This is so because the current mix of commercial airlines, and the barely functional Amtrak system, is deficient to say the least. The airlines want to keep to their most profitable, main hub and spoke routes obviously, which leaves large numbers of communities with few options that aren't either very close, or very convenient, even if some of the routes are fairly cheap (within which you must combine both the outrageous terminal security in place, with the worse than cattle car mentality of packing people into aluminum tubes, that the the airlines feel they have to do do to show a profit). And with the dominance of freight taking up most of the hard rail capacity, that leaves but few, heavy corridor routes for Amtrak to at least get close to breaking even on.
Mr. Musk wants to set up hyperloop tubes on the West Coast main corridors, but that will be at least as expensive as laying new rail rights of way, and perhaps a good deal more so, and still not offer a hell of a lot in overall flexibility as a transportation system.
Then there is my approach with hybrid dirigible blimp trains. Trains that require no track, and that could use transfer facilities a lot less complicated than existing airports; given that such lighter than air lift craft can approach and stop from much lower speeds. That and the fact that the container approach to carrying modules, would make dirigible blimp train turn around times much shorter than with conventional aircraft.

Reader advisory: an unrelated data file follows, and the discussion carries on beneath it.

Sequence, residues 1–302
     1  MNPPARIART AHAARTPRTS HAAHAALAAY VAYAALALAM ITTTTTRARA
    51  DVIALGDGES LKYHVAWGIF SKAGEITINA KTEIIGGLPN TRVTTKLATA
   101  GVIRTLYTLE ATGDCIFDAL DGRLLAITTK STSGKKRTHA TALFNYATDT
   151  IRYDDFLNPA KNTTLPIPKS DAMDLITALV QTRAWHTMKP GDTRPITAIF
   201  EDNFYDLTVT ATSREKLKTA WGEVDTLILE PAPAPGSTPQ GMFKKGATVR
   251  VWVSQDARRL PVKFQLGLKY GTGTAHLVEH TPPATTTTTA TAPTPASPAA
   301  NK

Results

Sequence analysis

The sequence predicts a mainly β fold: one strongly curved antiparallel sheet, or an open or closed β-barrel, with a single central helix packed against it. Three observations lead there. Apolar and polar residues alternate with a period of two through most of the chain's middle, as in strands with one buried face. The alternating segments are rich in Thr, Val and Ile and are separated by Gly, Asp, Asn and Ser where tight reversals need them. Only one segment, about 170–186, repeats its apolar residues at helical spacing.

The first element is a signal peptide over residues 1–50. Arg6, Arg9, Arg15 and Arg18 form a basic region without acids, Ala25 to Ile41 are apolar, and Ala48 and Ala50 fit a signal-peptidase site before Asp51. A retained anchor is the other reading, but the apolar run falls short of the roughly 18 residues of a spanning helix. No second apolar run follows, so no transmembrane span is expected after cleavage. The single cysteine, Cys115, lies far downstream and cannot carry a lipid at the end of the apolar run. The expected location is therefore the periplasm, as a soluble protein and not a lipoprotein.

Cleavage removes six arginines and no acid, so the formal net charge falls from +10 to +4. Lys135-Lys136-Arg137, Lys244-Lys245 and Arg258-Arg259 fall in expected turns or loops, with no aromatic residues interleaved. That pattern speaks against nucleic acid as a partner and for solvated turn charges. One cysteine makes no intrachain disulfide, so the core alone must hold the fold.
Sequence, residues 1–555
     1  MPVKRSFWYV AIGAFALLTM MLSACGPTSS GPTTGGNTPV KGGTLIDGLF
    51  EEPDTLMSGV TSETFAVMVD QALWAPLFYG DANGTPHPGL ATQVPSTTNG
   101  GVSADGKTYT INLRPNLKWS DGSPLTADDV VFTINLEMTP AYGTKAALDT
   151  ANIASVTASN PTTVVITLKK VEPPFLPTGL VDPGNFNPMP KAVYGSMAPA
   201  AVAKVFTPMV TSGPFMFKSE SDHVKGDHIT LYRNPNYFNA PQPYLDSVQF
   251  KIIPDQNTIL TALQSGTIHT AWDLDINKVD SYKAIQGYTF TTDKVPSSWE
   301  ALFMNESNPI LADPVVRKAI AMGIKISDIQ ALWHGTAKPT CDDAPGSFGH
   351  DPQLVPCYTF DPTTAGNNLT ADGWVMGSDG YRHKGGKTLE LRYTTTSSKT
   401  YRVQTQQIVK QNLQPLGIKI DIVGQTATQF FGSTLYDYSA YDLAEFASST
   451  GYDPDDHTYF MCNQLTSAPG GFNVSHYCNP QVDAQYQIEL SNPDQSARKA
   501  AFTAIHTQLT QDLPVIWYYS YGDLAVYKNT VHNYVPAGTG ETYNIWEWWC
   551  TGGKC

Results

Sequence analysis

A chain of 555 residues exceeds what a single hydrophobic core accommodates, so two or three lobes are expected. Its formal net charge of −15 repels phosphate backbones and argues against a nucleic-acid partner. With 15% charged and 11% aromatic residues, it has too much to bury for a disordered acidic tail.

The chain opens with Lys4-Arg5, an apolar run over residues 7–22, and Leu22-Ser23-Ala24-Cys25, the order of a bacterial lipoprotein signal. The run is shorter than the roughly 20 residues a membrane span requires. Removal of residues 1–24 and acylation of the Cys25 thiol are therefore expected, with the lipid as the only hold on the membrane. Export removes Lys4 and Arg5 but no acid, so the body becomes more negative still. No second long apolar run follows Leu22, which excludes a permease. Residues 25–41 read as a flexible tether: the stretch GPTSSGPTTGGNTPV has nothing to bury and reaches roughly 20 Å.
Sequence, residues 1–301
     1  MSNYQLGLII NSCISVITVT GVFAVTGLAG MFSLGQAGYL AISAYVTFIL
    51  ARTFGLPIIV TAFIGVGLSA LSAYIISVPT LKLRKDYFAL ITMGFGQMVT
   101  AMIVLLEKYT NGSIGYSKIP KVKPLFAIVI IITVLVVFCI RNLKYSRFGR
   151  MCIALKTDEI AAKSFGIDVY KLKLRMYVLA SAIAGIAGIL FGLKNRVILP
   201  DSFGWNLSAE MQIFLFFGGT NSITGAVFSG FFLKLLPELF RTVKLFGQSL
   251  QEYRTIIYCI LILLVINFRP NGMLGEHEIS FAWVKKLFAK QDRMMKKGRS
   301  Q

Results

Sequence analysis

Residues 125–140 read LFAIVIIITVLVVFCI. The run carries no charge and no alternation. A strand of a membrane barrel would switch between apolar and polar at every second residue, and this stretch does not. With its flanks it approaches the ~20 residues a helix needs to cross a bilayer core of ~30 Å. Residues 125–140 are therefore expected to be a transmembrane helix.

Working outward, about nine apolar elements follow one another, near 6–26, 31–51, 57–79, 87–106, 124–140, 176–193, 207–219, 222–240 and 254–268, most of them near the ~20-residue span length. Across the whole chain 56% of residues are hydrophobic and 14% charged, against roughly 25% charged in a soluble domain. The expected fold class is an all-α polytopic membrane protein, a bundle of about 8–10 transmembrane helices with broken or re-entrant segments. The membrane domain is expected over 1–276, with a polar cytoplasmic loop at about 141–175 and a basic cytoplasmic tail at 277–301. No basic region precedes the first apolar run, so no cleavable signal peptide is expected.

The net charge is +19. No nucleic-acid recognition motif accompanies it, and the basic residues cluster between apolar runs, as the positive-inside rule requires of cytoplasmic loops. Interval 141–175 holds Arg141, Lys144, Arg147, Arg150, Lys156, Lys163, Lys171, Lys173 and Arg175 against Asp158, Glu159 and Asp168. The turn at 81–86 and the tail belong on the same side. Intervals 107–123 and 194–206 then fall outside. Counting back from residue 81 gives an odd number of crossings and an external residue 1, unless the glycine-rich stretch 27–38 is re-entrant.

I can say that because, the way I see it, one could imagine a turnaround process where a train comes in, very slowly (to keep headway into the wind) as already stated, but instead of parking at terminal boarding ramps, the dirigible blimp trains would just connect to wheeled tie down pylons, also linked together like a string of cargo dollies. As each train segment was secured, the containers, suspended up along the centerline in each, would be lowered down onto a carriage dolly, as the entire string of dollies continued rolling along underneath the lighter than air train. One by one then, as the train units passed along the mile or so transfer runway, each train segment would unload. Once unloaded, the train as a whole would re increase speed, take back to the air, for another go around so that outgoing container modules could then be brought back up into the train, in a reversal of the previous operation. All in all, if this could be engineered correctly, the entire turnaround wouldn't take more than an hour, even for big trains.
Like with our economic operating system, it's time to start thinking outside of the usual approaches and come up with innovative alternatives for regional mass transit as well. I can't help but believe that hybrid dirigible blimp trains would be good place to start.